It's become unfortunately apparent that the big bucks the US government is shoveling into Iraq aren't making the impact on the real people which those of us paying the bills might have hoped. Somewhere, Bechtel or their like are working on the power system, the oil refineries and the waterworks, but your average Iraqi is a lot more likely to run into a checkpoint or be the target of a search than to see that work or its benefits firsthand. I wish it were otherwise, but it comes through even in the blogs, comments, and e-mails from those Iraqis of unquestioned goodwill.
Anyone in the VC line of things has the need to frequently recall Napoleon's adage: "Never ascribe to malice, that which can be explained by incompetence." I think that's what's going on here, and it is not meant to disparage any of the contractors or even the CPA. There's a kind of inherent incompetence of large, bureaucratic organizations when it comes to dealing with needs on an individual and small scale. There are intrinsic problems of bigness that give us all fits dealing with government bureaus and contracting regulations here. Now take that institutional logic, plop it down in the middle of Baghdad, and bugger its improvised plans with a mix of terror and outright thievery. Watch the poor elephant try to dance.
Too bad it's not just a B-school case study. Hell, too bad it's not just one of my companies. Unfortunately, it's a part of the thing that may matter most in the world today: To find out whether American and Arab can hope to shake hands and live and prosper together, or whether it's going to be war to the knife. And things aren't looking all that great.
It's part of the peculiar spirit of both America and Silicon Valley that people take things into their own hands when the management fails us. We've come to one of those times. If you've been following the plot line around here, you know what I'm about to pitch, so here goes:
There's a grassroots effort called Spirit of America, that is organizing to connect ordinary American citizens as contributors to small scale projects that benefit ordinary Iraqis. It started collecting Frisbees and school and medical supplies to send to Iraq with the Marines. Then they tried an effort to provide video equipment to start up Iraqi TV stations in the Sunni triangle. Which got noted by the Wall Street Journal, and suddenly a $100k ask turned into a $1.5m raise. Talk about an oversubscribed round! Based on that, the folks behind the original effort are trying to take this to a national level, that is sustainable for as long as it takes.
My friend Marc Danziger has taken on the role of COO at Spirit of America. Part of that scaling up is the audacious goal of staging a major media campaign beginning in mid-June, with the further goal of involving a million Americans in some way by the 4th of July. I've volunteered to help. We're still figuring out what that means, largely by jumping in and seeing what happens.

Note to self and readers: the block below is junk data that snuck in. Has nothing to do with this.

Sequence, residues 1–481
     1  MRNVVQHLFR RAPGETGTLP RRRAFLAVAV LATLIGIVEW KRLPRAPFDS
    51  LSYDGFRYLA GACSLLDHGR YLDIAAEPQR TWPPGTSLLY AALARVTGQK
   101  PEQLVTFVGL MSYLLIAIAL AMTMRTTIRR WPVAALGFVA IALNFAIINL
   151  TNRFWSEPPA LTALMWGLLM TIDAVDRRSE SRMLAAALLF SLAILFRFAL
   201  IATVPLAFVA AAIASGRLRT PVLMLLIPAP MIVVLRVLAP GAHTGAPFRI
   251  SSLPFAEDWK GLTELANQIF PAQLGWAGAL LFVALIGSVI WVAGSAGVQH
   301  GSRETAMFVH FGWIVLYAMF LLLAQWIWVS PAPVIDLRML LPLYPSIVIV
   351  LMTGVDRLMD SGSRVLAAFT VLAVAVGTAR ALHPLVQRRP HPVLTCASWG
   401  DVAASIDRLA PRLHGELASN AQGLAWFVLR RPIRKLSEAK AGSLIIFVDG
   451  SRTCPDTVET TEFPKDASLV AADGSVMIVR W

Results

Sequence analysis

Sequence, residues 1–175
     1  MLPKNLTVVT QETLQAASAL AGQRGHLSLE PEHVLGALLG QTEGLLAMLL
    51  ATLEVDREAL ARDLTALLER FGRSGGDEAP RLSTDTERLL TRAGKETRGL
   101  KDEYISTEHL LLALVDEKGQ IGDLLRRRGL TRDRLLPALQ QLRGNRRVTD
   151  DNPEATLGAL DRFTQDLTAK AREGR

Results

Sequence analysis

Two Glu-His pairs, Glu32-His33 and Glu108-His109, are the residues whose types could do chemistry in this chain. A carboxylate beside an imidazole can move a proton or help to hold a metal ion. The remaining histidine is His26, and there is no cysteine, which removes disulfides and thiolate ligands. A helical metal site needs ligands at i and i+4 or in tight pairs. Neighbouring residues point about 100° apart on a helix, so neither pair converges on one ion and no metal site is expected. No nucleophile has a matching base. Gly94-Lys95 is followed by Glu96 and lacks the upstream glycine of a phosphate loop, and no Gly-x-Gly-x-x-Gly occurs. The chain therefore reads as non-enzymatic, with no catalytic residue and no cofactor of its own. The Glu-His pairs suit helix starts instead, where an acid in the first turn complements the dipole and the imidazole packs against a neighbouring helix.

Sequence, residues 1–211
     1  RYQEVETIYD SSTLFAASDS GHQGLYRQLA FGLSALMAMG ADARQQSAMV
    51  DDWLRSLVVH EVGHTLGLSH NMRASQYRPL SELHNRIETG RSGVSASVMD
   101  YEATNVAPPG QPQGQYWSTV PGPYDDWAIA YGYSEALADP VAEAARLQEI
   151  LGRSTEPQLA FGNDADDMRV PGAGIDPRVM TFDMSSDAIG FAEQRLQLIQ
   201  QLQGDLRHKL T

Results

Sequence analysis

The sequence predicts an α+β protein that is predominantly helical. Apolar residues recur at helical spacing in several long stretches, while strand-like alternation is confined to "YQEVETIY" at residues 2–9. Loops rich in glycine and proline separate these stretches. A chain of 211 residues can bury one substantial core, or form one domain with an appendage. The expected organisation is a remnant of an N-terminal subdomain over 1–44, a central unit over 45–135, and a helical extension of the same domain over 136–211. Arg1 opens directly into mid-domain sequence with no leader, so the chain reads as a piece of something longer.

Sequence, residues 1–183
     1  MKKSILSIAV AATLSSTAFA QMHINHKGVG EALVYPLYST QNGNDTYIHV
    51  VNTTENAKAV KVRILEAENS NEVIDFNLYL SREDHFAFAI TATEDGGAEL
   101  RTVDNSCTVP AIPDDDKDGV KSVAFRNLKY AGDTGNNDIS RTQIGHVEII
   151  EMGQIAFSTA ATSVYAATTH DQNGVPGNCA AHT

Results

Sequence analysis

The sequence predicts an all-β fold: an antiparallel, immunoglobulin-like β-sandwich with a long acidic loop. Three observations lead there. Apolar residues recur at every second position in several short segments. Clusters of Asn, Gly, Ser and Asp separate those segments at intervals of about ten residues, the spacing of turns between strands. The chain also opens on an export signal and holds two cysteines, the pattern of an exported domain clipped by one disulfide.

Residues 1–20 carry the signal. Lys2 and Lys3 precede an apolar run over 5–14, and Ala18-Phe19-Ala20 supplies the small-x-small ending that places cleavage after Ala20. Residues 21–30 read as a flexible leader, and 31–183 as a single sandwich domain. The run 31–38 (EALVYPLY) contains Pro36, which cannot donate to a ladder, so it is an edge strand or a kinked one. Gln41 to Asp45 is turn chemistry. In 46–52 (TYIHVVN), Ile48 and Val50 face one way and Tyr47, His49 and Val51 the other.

I've already hustled a few of my blogging friends for posts and links to SoA - thank you!! We are trying to create a baseline public awareness through blogs, in preparation for the bigger launch. If you're a VC who's in my Palm, you are hereby warned that I will be trying to 'raise a round' for these guys in the very near future.
Since I know this blog (or its RSS) gets around to some part of the technical community, I'll also put out this ask: SoA is going to need some further serious help on building a backend system to match their goals. Big pipe hosting, content management, project tracking, contributor and project matching - you get the picture. If you've got real chops in these areas, and have suggestions, recommendations of good people and companies, or even better the desire to pitch in, my e-mail address is over there to the left. We're not expecting free, but we really need fast and flexible, and discounts wouldn't hurt. I'll collate any inputs and funnel them to the folks already working the tech beat, so they aren't swamped any more than already.
If you don't fit any of those categories, we still need you! Just click on this banner (the first one that has ever turned up on Due Diligence), and it'll take you over to Spirit of America:
Still here? So let me tell you what we're asking for over there. The simplest ask is just to join the SoA mailing list. They've already got my name from an earlier contribution, and never violated trust - it's not going to be a spamfest. This will let SoA keep you up to date on the programs that are getting ready to launch (OK, are being figured out as I write).
Secondly, you could drop some bucks. There are some worthy projects already underway that could use your support. Just look down the left sidebar for your fave, and hit the Paypal button.
You could also volunteer to help. Since the needs are - dynamic, let us say - just go on over there to see the latest list.
Lastly, it should be noted that is an explicitly NON-partisan effort. You don't have to be an R or a D or anything else to believe that the Iraqis have been crapped on by both their and our governments, and deserve our help, for all our sakes. I'll borrow the words of former Dean campaign manager Britt Blaser:
"...there's no part of the SoA project that any of us can find fault with. If you're a bleeding heart liberal, you want to demonstrate that people who hate the war can reach out to the people hurt by our government's illegitimate war. Rabid war supporters see a chance to demonstrate that the war can be won because the greatest American force is the innate goodness of the American GI, and that it's worth going to war to connect our terrific GI's with Arab kids. I can walk both sides of that street. "
That's perhaps the most optimistic cynical post I've ever read. I believe I'll have some of that too.
So what do we want, folks? Mano a mano, or hand in hand, there and here? No guarantees of success whatsoever, but what would you rather be working towards?